Meanwhile, according to a joint investigation by Canada’s Globe and Mail newspaper and an Italian business paper published Feb. 22, Canadian company SNC-Lavalin paid a series of bribes of its own to secure a $1 billion engineering contract. Company spokeswoman Lilly Nguyen responded to queries about the case saying “to the best of our knowledge, SNC-Lavalin is not specifically under investigation in the Sonatrach matter.”

With commissions on deals like this going to the highest levels of power, the Algerian press rarely reports about it — until the subject is broached by the foreign media.

Malti, who was there at the founding of Sonatrach in 1963, estimated that the country was losing between $3 and 6 billion annually to corruption in the oil sector alone.

“If a judge says that an inquiry has opened or even a minister promises to take measures against ‘people working against Algeria’s interests,’ I don’t believe them,” Mohammed Saidj, a professor of international relations at Algiers University, told the AP. “It’s just words to appease a public opinion shocked when it hears about the corruption and billions of dollars stolen by high-level political and military officials, including those close to the president.”

The chances of this situation changing are dim, considering how much the country relies on a single company.

In a chapter on Sonatrach in the 2012 book “Oil and Governance,” John Entelis, an Algeria expert at New York’s Fordham University, described the importance of a company established just a year after Algeria won its independence from France, and wrote, “Algeria’s governing elite rely upon Sonatrach for revenue from which they gain power, patronage, and privileges.”

Entelis told AP that the letter in El Watan shows that Algerians are increasingly able to complain about this system, even if that won’t necessarily change things.

“This is the heart of the Algerian political system — Sonatrach, the DRS, civil society in the form of … willingness to make these things public. Some say this is what enables it to maintain itself instead of collapse,” he said.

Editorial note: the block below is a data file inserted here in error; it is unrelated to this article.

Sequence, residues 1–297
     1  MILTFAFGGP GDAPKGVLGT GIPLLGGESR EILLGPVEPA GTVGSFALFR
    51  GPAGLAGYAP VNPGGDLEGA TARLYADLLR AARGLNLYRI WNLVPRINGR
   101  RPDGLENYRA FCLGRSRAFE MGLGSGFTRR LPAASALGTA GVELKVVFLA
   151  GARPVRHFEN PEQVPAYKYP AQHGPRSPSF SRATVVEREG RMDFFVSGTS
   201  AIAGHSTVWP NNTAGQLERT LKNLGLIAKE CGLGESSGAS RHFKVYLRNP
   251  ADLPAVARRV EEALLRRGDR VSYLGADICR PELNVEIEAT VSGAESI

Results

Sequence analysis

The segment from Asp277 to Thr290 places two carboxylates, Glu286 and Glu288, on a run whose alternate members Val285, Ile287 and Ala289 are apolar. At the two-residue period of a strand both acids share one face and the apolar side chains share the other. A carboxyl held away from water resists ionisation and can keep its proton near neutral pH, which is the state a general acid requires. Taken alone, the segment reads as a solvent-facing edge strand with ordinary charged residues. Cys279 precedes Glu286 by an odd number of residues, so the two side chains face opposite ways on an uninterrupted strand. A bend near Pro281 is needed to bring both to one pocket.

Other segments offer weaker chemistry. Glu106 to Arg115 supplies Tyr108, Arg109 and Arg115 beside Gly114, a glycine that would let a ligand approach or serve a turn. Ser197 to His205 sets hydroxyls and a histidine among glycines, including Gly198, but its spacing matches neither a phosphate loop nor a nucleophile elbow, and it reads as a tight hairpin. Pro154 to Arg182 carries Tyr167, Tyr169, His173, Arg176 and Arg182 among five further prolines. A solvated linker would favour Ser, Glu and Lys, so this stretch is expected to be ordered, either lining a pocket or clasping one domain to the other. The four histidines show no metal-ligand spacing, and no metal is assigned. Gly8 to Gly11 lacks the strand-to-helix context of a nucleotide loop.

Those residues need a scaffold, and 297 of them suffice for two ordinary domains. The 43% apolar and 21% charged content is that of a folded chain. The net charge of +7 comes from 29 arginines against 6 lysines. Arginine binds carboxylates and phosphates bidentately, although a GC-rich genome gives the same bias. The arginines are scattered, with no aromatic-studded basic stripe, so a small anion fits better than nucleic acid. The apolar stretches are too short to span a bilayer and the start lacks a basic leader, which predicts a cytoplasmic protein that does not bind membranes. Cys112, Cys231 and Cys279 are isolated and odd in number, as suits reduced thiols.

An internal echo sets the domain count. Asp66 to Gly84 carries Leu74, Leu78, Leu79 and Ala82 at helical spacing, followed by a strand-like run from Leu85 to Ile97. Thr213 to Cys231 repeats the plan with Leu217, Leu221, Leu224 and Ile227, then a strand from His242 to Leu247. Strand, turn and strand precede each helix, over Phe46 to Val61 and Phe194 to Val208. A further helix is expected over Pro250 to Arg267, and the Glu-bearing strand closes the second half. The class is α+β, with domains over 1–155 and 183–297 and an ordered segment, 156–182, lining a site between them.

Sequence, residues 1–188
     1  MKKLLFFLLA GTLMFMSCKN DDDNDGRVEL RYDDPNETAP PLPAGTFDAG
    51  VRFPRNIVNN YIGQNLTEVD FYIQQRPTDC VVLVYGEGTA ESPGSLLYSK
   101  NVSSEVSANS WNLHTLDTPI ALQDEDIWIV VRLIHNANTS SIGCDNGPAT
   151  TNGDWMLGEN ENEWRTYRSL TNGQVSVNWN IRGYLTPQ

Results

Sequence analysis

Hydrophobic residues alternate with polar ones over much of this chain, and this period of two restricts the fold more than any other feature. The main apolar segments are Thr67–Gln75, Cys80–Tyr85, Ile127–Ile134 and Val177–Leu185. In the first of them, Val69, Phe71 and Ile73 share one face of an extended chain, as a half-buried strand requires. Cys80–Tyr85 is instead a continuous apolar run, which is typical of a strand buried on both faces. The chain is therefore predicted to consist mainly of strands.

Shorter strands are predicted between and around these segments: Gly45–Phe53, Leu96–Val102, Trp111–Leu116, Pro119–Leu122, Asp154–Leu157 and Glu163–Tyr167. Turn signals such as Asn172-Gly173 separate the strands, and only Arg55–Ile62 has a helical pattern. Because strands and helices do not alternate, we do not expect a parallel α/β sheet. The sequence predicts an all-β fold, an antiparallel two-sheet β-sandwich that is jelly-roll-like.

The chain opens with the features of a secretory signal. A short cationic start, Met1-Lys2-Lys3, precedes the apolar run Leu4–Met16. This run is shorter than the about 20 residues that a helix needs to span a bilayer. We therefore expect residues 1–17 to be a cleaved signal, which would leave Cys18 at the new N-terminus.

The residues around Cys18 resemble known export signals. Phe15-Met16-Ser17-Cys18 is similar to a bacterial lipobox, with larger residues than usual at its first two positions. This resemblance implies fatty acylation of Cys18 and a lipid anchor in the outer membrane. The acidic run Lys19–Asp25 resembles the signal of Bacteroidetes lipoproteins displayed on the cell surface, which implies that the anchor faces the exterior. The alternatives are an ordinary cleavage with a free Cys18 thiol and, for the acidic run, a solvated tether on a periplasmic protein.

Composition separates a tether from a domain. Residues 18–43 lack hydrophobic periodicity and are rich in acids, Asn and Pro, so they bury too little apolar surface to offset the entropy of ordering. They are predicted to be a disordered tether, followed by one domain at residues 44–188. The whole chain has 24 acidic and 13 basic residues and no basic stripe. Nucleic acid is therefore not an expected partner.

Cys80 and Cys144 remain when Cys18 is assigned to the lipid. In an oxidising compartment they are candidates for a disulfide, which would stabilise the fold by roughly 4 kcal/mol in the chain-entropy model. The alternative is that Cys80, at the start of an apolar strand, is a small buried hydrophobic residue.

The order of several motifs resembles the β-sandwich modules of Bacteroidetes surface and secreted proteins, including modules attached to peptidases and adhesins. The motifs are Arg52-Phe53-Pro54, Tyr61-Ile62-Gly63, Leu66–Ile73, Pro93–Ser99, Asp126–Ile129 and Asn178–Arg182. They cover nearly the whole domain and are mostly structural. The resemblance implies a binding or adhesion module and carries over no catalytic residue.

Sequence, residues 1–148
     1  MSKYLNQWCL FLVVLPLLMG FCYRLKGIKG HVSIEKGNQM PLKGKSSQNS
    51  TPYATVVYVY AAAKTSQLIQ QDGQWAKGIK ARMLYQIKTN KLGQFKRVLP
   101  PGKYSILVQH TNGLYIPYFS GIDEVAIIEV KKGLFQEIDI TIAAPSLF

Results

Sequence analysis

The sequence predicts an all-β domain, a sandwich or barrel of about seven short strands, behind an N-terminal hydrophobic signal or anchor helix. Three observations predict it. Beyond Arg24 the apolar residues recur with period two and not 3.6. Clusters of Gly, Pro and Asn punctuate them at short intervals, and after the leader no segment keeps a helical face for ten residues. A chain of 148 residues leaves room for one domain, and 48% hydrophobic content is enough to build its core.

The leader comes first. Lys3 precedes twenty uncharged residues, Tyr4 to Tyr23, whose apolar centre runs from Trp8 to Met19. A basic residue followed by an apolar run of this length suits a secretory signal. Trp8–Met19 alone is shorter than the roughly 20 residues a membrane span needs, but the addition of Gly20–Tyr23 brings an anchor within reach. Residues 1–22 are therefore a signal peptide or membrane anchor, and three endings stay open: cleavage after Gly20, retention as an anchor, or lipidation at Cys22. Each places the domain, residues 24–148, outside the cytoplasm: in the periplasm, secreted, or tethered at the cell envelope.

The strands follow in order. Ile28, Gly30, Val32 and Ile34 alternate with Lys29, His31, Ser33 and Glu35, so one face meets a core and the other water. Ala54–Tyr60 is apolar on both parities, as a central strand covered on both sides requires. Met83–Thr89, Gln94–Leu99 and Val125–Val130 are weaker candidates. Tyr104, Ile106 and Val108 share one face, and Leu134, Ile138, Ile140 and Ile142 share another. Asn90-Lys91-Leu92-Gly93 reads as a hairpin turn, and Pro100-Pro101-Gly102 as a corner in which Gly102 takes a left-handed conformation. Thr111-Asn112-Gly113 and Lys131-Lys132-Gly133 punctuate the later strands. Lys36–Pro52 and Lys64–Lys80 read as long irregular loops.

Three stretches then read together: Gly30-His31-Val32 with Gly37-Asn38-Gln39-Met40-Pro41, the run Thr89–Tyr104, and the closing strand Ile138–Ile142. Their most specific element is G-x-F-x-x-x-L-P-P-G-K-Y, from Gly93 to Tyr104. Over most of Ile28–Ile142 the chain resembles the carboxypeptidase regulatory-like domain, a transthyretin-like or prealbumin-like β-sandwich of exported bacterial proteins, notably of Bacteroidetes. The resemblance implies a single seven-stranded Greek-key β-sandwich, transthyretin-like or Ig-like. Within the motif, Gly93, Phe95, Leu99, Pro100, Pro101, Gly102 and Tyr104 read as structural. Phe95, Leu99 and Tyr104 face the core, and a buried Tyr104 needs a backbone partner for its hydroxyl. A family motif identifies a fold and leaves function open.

___

Paul Schemm reported from Rabat, Morocco. Associated Press writer Karim Kebir contributed to this report from Algiers, Algeria.

Analysis: New law fails to ease oil concerns in Uganda


IRIN NEWS

KAMPALA/NAIROBI, 13 December 2012 (IRIN) – Uganda’s parliament recently passed a law to govern the exploration, development and production of the country’s estimated three billion barrels of oil, a resource whose extraction will directly affect the livelihoods of tens of thousands of people.

While the law streamlines the burgeoning industry, analysts have raised concerns over transparency and over who controls the sector.

“The new law helps set clear guidelines under which the oil sector is to be run and managed, and makes clear who is in charge of what roles,” said Tony Otoa, director of Great Lakes Public Affairs (GLPA), a Uganda-based think tank focusing on oil and governance. “However, there are some concerns about transparency and too much power within the oil industry in the hands of the president.”

The bill was passed on 7 December after weeks of wrangling over its controversial Clause 9, which gives the energy minister wide-ranging powers, including authority over the granting and revoking of oil licenses, negotiating and endorsing petroleum agreements, and promoting and sustaining transparency in the petroleum sector. Many members of parliament (MPs) felt these powers should be held by an independent national oil authority.